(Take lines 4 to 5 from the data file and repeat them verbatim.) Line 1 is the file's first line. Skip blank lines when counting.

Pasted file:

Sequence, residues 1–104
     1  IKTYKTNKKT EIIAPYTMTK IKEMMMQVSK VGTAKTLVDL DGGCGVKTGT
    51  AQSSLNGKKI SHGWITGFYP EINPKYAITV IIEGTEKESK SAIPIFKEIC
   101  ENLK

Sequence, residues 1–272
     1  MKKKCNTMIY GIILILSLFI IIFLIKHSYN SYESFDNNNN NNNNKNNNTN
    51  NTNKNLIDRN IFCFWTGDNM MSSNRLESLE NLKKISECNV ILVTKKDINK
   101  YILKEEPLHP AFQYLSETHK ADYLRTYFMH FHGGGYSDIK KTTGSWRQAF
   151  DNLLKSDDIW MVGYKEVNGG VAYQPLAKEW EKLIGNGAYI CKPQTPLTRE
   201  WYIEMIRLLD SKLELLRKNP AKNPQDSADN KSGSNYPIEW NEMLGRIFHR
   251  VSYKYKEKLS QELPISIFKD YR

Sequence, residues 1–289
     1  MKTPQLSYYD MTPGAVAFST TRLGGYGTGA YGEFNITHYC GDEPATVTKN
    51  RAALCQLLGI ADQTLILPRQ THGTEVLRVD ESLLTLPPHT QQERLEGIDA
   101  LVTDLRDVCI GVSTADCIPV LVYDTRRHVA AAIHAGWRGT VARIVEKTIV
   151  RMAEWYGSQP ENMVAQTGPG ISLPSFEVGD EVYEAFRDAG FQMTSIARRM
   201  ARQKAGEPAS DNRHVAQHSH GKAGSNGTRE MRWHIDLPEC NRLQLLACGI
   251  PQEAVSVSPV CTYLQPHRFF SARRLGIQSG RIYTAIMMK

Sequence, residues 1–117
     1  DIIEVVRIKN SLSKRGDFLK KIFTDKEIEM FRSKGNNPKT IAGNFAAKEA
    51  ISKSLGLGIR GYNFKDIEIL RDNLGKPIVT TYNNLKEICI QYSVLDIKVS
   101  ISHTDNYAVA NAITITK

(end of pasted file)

   101  ENLK

Sequence, residues 1–272